A Woman as “Doctor Who”: Why Not?

Posted on August 12, 2013

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Lila is not a Doctor Who fan, having never watched a full episode of the science fiction show, but Diana Reese’s article in the Washington Post caught my attention:  “The Tardis: No Girls Allowed as the Doctor.”   Apparently, in the long history of the show (it began in 1966), there have been eleven male actors who have played the lead role of the Doctor.  The twelfth has just been announced, and is – not really a surprise – another white guy.

I was at first mystified at the reaction from fans who had been rooting for a female to take over the role.  Ugh, I thought, more misplaced feminism.  Why this big push to take over roles written for male characters?  Where does it end?  Is there really a need to re-write, say, Hamlet or Romeo as a female?  I was more in the same mind as Doctor Who producer  Steven Moffat’s sarcastic response:  “I would like to go on record and say that the queen should be played by a man.”

But wait.  Lila, in her ignorance, missed a key fact about the Doctor:  he is not human, but an alien “Time Lord” able to generate a completely new body when needed.  The show has dropped some hints over the years that there are no limitations on what that body will be.  Reese cites some examples:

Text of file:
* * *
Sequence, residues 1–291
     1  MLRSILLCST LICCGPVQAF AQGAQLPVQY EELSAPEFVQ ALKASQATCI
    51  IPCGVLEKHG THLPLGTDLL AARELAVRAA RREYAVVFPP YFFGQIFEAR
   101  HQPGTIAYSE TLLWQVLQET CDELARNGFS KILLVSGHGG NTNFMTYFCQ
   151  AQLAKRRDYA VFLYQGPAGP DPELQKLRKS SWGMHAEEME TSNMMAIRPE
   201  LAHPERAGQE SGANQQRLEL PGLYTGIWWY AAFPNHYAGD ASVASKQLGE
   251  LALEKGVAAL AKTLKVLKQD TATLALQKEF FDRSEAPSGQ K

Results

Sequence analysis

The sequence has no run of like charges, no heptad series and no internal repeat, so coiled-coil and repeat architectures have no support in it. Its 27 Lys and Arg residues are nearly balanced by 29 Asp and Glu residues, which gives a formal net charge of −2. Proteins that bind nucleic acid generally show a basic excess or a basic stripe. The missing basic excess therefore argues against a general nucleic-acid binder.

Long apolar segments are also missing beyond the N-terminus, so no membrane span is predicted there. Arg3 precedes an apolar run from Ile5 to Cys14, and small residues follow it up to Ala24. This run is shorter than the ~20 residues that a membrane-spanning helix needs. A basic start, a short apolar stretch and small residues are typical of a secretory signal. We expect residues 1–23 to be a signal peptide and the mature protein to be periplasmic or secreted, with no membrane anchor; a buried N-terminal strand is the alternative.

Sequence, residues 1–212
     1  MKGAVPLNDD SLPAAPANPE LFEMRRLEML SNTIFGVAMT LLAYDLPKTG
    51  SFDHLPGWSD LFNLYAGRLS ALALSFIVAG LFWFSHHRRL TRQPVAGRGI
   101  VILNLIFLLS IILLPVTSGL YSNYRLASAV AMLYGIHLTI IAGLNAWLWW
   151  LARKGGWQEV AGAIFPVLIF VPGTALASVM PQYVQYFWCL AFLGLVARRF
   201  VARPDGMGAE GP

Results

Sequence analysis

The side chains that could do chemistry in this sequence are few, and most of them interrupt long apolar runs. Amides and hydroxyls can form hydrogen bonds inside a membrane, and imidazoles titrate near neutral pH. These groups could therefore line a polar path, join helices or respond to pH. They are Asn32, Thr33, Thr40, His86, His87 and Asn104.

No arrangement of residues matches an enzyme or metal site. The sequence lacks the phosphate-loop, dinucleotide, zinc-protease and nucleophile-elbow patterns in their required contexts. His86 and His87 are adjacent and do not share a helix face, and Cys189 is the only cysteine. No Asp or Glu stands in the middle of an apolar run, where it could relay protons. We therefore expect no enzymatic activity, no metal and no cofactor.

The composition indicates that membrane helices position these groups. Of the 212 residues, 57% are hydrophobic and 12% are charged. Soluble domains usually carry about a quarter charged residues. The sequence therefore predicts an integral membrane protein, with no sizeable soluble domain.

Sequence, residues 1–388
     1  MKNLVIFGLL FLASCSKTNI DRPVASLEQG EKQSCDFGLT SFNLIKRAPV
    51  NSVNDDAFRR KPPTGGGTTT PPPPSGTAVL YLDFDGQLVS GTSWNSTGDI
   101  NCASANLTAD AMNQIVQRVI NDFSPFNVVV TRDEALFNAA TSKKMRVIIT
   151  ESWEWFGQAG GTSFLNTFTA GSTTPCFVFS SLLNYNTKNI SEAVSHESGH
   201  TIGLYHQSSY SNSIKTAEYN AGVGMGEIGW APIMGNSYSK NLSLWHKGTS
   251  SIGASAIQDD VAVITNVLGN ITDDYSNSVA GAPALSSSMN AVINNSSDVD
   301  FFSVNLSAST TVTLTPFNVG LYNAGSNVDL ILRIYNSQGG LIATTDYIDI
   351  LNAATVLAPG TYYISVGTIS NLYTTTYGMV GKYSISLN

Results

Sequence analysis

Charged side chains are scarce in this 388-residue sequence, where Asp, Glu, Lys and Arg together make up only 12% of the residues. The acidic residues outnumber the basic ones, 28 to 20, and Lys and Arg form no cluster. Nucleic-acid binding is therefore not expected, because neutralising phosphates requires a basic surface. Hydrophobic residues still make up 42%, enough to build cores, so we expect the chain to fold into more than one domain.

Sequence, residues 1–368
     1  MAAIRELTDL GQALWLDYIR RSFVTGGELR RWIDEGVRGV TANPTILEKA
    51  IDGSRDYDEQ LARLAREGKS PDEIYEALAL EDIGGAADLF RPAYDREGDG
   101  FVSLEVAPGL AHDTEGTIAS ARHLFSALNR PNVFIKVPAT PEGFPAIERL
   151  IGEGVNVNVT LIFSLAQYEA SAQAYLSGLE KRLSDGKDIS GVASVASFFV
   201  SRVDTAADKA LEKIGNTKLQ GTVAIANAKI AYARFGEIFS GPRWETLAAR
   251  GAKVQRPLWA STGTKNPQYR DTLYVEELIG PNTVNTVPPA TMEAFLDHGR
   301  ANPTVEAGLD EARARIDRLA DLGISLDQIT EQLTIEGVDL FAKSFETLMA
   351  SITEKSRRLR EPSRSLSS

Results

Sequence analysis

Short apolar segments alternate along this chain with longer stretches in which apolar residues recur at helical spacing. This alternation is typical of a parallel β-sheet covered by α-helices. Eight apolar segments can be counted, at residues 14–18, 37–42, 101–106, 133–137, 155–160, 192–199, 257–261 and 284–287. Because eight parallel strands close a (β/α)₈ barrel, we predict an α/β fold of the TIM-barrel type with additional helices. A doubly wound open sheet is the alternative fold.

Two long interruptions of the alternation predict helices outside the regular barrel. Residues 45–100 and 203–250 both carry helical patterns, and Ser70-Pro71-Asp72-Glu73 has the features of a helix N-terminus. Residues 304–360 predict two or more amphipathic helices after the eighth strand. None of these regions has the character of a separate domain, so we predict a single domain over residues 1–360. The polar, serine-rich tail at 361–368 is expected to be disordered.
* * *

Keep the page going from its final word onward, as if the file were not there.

When the 11th doctor — played by Matt Smith — made his first appearance in “The End of Time, Part Two,” he actually says, “Hair … I’m a girl!” as his hands discover his long hair. Then he checks for his Adam’s apple. “No! No! I’m not a girl!”

That, wrote novelist Neil Gaiman, convinced him that a time lord could change gender when regenerating.  In “The Doctor’s Wife,” an episode Gaiman penned for the series, there’s the teasing comment when the Doctor talks about another time lord, the Corsair, having been a woman “herself a couple of times, oh she was a bad girl.”

All right, then.  In the Doctor’s universe, it is entirely possible that he might regenerate and find himself in a female body.  The possibility is intriguing.  What if the Doctor was a woman?  Would she find her adventures more difficult?  Would she be treated differently by others?  Would she have to change how she does business?

In our world, the answer would be yes.  Those who have switched between genders in real life have had their eyes opened to just how different the life experience can be, based solely on gender.  Take the case of Stanford scientist Ben Barres as an example; he finds himself much more respected and credible now that he is a man, than she was as an equally qualified and accomplished woman.  Such stories are commonplace.   So what would happen if Doctor Who suddenly found herself a woman in a man’s world?

There would be opportunity here, probably with little change to the show overall, to write in some good one-liners referring to the Doctor’s new situation.  So why not?  Producer’s casting preference, of course (after all, it is just an entertainment).  I suspect that Moffat finds the Doctor’s personality more suited to a male persona, and that he intends to continue producing a science fiction fantasy adventure show with little in the way of social commentary.   That has been the show’s successful formula all along; why change now?

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